Acting Health Commissioner Darice Plaskett on Wednesday said the Department of Health has received reports of confirmed cases of Dengue Fever in the territory and is urging residents who exhibit symptoms to include nausea, eye, joint and muscle pain, to seek immediate medical care.
A Dengue Fever case was confirmed in the St. Thomas-St. John district and the other involved a visitor to the island of St. Croix, who tested positive for Dengue Fever. Neither individuals, a 58-year-old woman and 17-year-old male, were hospitalized.
The Department of Health is also awaiting confirmation of a suspected Dengue Fever case in the St. Croix district.
Dr. Thomas Morris, DOH Epidemiologist, said that Dengue Fever cases can only be confirmed through testing and reminds all health care providers that all suspected cases should immediately be reported to the Department of Health by law. A Notification of Infectious Disease Form should be submitted via confidential fax to 713-1508. The form can be downloaded from the DOH website
Last week, the Department issued its annual Dengue Fever Advisory, to coincide with the Hurricane Season, which runs June 1 through November 31, 2012.
“Increased rains can make certain areas near the home a haven for mosquito breeding and place individuals at risk for Dengue Fever,” Plaskett said. “We went through both the hurricane and rainy seasons last year without a positive case of Dengue being reported and with these confirmed cases, we urge residents to be vigilant and help their communities and the Department of Health stop the spread of Dengue Fever by doing basic things.”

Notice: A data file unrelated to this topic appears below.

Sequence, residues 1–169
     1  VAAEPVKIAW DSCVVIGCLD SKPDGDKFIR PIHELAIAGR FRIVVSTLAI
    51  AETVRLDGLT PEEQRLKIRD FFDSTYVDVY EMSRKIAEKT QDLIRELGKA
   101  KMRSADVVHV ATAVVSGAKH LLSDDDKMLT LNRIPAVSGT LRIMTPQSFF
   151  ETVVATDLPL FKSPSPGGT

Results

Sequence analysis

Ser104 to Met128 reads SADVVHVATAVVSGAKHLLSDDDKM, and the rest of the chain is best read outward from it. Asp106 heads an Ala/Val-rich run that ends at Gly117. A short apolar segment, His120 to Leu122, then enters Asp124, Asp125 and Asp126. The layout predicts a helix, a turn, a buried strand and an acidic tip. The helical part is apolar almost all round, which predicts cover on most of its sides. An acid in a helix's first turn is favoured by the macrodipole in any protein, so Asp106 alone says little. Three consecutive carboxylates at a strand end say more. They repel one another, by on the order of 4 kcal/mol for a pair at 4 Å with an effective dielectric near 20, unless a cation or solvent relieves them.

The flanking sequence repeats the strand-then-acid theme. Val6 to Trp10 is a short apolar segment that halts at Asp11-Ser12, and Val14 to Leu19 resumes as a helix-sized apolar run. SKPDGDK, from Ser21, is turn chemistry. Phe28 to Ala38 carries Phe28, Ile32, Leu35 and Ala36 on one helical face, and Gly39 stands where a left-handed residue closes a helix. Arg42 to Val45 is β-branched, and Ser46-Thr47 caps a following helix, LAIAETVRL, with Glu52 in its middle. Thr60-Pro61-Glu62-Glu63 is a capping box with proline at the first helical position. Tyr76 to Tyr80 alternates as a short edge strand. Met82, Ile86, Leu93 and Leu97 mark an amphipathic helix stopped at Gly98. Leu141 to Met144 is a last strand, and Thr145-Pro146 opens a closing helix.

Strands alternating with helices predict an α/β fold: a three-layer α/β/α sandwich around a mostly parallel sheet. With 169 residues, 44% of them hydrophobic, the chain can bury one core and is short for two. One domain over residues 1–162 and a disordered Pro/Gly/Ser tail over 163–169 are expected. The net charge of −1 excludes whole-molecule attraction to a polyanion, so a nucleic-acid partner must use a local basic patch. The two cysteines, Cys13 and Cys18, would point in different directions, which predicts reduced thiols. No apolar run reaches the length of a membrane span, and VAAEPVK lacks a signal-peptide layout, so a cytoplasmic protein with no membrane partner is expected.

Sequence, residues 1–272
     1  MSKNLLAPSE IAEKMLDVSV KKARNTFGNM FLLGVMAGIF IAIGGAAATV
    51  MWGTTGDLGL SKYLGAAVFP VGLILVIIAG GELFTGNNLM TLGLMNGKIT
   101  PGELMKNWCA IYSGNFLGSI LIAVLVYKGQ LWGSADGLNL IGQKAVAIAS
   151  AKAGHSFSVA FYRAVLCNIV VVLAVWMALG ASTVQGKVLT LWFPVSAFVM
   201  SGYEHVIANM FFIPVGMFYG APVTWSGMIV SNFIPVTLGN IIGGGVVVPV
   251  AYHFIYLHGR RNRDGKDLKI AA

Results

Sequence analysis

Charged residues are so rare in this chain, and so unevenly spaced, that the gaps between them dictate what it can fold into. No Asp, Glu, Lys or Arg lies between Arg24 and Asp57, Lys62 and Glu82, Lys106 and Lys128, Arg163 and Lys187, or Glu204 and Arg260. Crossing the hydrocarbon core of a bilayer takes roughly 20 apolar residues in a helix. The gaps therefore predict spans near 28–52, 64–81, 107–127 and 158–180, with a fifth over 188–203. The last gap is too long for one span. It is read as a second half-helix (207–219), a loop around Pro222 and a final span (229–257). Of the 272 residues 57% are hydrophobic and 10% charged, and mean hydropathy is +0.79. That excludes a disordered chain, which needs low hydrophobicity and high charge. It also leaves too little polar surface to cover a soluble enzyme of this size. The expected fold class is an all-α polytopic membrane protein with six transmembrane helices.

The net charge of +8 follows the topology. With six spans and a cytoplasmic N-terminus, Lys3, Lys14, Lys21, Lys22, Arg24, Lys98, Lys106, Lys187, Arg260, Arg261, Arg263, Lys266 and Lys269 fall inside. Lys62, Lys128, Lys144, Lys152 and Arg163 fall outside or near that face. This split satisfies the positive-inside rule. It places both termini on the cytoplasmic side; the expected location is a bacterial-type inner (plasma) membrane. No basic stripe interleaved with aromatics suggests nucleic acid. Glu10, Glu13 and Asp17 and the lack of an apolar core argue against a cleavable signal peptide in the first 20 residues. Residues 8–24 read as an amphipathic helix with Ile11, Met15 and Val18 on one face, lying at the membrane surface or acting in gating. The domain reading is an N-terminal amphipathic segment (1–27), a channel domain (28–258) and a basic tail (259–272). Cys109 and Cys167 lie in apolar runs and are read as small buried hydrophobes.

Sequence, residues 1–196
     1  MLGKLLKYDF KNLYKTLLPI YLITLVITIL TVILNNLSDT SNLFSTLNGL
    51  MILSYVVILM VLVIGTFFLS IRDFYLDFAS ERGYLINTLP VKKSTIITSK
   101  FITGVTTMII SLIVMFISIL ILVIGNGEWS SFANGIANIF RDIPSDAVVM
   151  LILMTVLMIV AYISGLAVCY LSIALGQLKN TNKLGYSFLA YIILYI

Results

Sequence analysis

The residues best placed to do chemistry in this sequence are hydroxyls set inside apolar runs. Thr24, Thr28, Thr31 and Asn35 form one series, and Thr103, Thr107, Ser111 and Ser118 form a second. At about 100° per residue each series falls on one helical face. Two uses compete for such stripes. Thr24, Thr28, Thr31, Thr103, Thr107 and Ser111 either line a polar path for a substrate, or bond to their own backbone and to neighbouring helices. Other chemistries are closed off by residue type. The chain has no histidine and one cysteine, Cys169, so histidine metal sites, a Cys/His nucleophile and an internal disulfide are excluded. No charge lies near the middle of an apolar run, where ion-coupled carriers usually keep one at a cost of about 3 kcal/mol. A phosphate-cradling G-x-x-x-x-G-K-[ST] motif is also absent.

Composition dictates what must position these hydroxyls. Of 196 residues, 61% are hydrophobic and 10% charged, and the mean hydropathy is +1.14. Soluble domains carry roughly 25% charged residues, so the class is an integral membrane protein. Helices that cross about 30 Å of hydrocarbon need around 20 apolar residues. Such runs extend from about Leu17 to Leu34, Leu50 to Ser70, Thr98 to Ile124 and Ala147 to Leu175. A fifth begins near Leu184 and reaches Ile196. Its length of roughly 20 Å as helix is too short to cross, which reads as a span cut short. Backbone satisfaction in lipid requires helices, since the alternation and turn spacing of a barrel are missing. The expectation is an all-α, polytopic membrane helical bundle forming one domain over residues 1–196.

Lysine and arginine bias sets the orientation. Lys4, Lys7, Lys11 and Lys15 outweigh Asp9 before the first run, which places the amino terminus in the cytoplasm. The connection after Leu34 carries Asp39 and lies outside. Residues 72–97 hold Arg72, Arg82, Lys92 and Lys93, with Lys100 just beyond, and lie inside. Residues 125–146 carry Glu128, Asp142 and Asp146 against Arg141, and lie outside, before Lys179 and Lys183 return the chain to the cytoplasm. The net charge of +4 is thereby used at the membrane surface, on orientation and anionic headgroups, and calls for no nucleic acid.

- Scour the yards each time it rains and empty receptacles with water that could provide a breeding ground for the mosquitoes that transmit Dengue
- Keep discarded tires in dry place or punch holes in tires so that water can seep out
- Put plants that are currently in water, into soil and empty flowerpot vases weekly
- Keep water barrels tightly sealed
- Cover or turn pet dishes and buckets that hold water upside down
- Place a screen or mesh over the overflow pipe of cisterns
- Repair or replace damaged screens and keep windows and doors without screens closed
- Cover infant cribs with mosquito netting
- Spray dark closets often
- Use mosquito repellants containing DEET. Follow instructions carefully and use on arms, legs, ankles and nape of neck. Avoid applying repellant to eyes, lips or bruised skin and to children under 2 years old and to the hands of older children
Dengue Fever is caused by a virus transmitted by the Aedes Aegypti mosquito and symptoms include headache, joint and muscle pain, nausea, vomiting and loss of appetite. Residents should seek immediate care, if they have those symptoms, Dr. Morris said.
More complicated cases of Dengue Fever can result in Dengue Hemorrhagic Fever which is characterized by high fever, bleeding and circulatory failure and in rare instances, may result in death.
Dr. Morris also urges residents to spray dark closets as the mosquito that causes Dengue is usually in the house.
“They hide in dark closets and sleep when we sleep and are awake when we are awake,” he said.
Acting Commissioner Plaskett said the that VI Department of Health is also tracking reports of Dengue Fever in nearby Puerto Rico.
“The Virgin Islands is home to many Puerto Rico natives, many of whom travel back and forth between islands so we urge residents who experience Dengue Fever symptoms after traveling, to seek immediate care,” Plaskett said.